• megapotamus||

    What's with that "Ole'!" from the CSM? Are spanish speakers the only ones at minimum?

    But the final philosophical point on this was broadcast years ago by The Kids in the Hall....
    "Minimum wage, eh? And what does that leave for you? I guess Maximum Wage?"

  • ||

    John,

    Having worked for a couple of businesses which employ large amounts of labor, I can provide a couple of examples supporting your point. These examples have the advantage of being 'seen,' which is sometimes rare in this debate.

    First, in a multi-unit fast-food chain, salad prep was at one time done by workers in each and every restaurant. As wage rates increased, salad prep was centralized resulting in fewer total hours spent on the task. The incremental distribution costs were more than offset by the saved wages. At the restaurants, employees may not have lost their jobs but they received fewer hours.

    Second, in an international beverage company (but it could apply to any industry), in high-wage markets, typically in the first world, the manufacturing equipment used automated many tasks (such as loading finished product on to pallets), reducing the need for high-cost labor. In low-wage markets, typically third world, less expensive manufacturing equipment was used and low-cost labor handled the tasks which are automated in the first example.

    This is not an instantaneous reaction to wage increases but becomes more and more prevalent over time.

    You could easily compare how many workers a multi-national uses to operate similar plants in India or Africa versus Europe or the US. The former could use 10 times as many workers as the latter, or even more.

  • ||

    Their goal is maximizing equality,

    Nope, that's the pretext for power-grabbing, not their goal. Their goal is the power itself. Always has been, always will be.

    -jcr

  • ||

    To understand why Stossel is wrong about this is to understand why libertarians are wrong about all labor policy.

    Gads, that indoctrination sure did build up good and thick around your tiny little mind, didn't it?

    Of course there is going to be a point at which you kill the golden goose.

    ...and the higher you set the minimum wage, the more people you forcibly prevent from working.

    Whenever government interferes in the price of ANYTHING, including labor at the low end, they will either create a surplus (by forcing the price too high), or a shortage, (by forcing the price too low.)

    Minimum wage laws let morons like you strut about in a fog of ignorant smugness about your fictitious moral superiority. Enjoy that smugness; better people than you are paying for it. Want to know who's exploiting the poor? Take a look in the mirror, you asshole.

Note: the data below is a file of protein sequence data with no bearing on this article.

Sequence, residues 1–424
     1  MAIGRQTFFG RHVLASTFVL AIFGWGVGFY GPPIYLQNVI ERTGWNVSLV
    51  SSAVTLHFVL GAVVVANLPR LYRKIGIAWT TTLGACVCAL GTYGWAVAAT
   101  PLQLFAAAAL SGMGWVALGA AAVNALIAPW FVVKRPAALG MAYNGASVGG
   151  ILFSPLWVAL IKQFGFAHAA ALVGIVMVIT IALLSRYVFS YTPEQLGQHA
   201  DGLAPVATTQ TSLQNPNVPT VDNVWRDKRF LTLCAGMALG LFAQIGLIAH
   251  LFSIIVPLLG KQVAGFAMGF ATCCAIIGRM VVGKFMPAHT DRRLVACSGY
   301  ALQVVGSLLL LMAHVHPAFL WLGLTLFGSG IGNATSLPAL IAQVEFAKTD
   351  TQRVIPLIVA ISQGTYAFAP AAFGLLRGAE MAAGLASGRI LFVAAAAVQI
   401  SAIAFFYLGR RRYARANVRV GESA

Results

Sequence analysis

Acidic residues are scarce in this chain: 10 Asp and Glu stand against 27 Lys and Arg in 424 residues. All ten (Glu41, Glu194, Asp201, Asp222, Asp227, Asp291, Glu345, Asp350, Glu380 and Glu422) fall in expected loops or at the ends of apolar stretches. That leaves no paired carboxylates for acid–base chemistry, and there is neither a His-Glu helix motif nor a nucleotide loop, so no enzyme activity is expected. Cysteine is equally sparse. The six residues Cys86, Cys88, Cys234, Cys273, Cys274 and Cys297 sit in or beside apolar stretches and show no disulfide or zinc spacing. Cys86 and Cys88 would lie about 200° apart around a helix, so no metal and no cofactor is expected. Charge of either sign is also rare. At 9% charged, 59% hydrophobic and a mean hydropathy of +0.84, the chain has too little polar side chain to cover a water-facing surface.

-jcr

  • ||

    imposition of the "serf" system,

    Isn't that what Rahm Emmanuel's "universal national service" scheme is all about? He's starting on college-age kids, but I don't believe for a second that he wants to stop with them.

    Shut the fuck up, Lonewhacko.

    -jcr

  • fuzzo||

    "... even if an employer wants to pay workers who produce, say, $4 worth of value an hour only $2 an hour, he won't be able to. Someone else will hire them away for $3 or more."

    what nonsense. do you really believe that walmart is concerned that their employees are stolen from them? or burger king? or jiffy lube? you're just like the media you admonish as short-sighted. you haven't got the slightest idea of what's going on in this country, mr. stossel, but you have to do your job. so you make up this crap and try to make it stick. you're just as bad as anyone working for the christian science monitor. no, wait. worse.

  • ||

    The latest increase in the minimum wage probably had little immediate effect on employment because the change in wage rate has been anticipated since it was written into law. The workers laid off or not hired has already happenned. It is only unanticipated increase in the minumum wage that cause immediate effects.

  • Anonymous||

    do you really believe that walmart is concerned that their employees are stolen from them? or burger king? or jiffy lube?

    Well, training takes time and money that's most efficient to minimize, so I'd say yes. I don't understand your point. You're saying that they're not willing to may the going rate for marginal product of labor, and therefore they don't care if someone paying higher hunts their heads... but if that's the case, no one would be working there at all.

    So you're saying the employees are being coerced into working there for lower-than-market wage? I can't imagine what you think of waiters.

  • ||

    When I shop at WalMart I usually check my self out. My "minimum wage" is zero.

    In the WalMart parking lot the guys (usually young, often minority) pushing the carts back to the store now have a new "helper". It's an electric pusher that fits into the end of the train of carts allowing a single employee who does the steering at the front of the cart-train to handle a job formerly handled by two employees. Minimum wage of the electric pusher is zero.

    Funny how people who think the way to reduce tobacco usage is to increase the price cannot understand (or pretend to not understand) that the same logic applies to jobs.

  • ||

    You don't get it, John. If a young person finds such a high-paying job, whom will they credit? The Democrats who mandated it, of course. If a young person can't find an entry-level job, where do they turn? To the government, of course. Lesson learned? The government (i.e., Democrats) solve their problems. Either way, Democrats win. As elegant as it is cynical.

  • Sean W. Malone||